Format

Send to

Choose Destination
Cell Metab. 2006 Jan;3(1):35-45.

Nicotinamide nucleotide transhydrogenase: a key role in insulin secretion.

Author information

1
Medical Research Council, Mammalian Genetics Unit, Harwell, Oxfordshire OX11 0RD, United Kingdom.

Abstract

The C57BL/6J mouse displays glucose intolerance and reduced insulin secretion. QTL mapping identified Nicotinamide Nucleotide Transhydrogenase (Nnt), a nuclear-encoded mitochondrial protein thought to be involved in free radical detoxification, as a candidate gene. To investigate its functional role, we used siRNA to knock down Nnt in insulin-secreting MIN6 cells. This produced a dramatic reduction in insulin secretion and the rise in [Ca2+]i evoked by glucose, but not tolbutamide. We identified two ENU-induced point mutations in Nnt (N68K, G745D). Nnt mutant mice were glucose intolerant and secreted less insulin during a glucose tolerance test. Isolated islets showed impaired insulin secretion in response to glucose, but not to tolbutamide, and glucose failed to enhance ATP levels. Glucose utilization and production of reactive oxygen species were increased in Nnt beta cells. We hypothesize that Nnt mutations/deletion uncouple beta cell mitochondrial metabolism leading to less ATP production, enhanced KATP channel activity, and consequently impaired insulin secretion.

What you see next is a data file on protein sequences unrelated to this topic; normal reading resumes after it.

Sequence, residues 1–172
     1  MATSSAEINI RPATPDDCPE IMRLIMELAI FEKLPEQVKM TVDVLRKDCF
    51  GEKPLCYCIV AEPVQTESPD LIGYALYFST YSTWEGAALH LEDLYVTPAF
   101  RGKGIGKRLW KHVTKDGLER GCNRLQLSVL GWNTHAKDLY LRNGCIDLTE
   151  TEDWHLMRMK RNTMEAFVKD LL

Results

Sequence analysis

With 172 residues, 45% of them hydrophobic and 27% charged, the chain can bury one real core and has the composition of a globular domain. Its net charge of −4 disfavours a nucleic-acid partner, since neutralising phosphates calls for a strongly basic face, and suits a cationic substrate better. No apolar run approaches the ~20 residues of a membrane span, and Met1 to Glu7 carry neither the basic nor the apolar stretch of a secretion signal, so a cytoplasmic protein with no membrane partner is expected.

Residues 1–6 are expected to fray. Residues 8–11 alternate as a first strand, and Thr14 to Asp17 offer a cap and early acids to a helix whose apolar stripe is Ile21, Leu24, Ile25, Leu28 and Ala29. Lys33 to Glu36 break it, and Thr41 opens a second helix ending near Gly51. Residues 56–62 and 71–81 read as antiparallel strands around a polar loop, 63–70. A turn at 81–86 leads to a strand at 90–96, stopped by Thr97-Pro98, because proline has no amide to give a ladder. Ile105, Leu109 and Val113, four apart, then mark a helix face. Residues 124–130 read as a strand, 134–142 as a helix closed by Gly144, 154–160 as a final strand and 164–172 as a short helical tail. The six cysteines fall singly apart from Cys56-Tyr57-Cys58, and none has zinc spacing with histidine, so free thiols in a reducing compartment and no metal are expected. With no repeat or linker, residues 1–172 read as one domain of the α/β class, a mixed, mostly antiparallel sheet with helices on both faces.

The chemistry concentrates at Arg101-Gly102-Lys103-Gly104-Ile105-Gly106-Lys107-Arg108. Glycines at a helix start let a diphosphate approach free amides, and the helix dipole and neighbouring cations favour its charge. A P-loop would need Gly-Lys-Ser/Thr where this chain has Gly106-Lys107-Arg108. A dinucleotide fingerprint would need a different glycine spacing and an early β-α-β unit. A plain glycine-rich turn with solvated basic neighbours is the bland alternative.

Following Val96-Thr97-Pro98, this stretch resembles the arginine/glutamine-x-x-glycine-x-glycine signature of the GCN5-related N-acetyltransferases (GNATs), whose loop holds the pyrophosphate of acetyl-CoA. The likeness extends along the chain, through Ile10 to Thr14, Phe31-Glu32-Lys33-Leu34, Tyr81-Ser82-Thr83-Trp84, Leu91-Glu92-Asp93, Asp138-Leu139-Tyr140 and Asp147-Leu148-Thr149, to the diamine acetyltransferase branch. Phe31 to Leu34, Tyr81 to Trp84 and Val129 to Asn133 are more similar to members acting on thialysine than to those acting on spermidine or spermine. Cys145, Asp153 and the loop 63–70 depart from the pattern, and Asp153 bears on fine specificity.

PMID:
16399503
DOI:
10.1016/j.cmet.2005.10.008
[Indexed for MEDLINE]
Free full text

Supplemental Content

Full text links

Icon for Elsevier Science
Loading ...
Support Center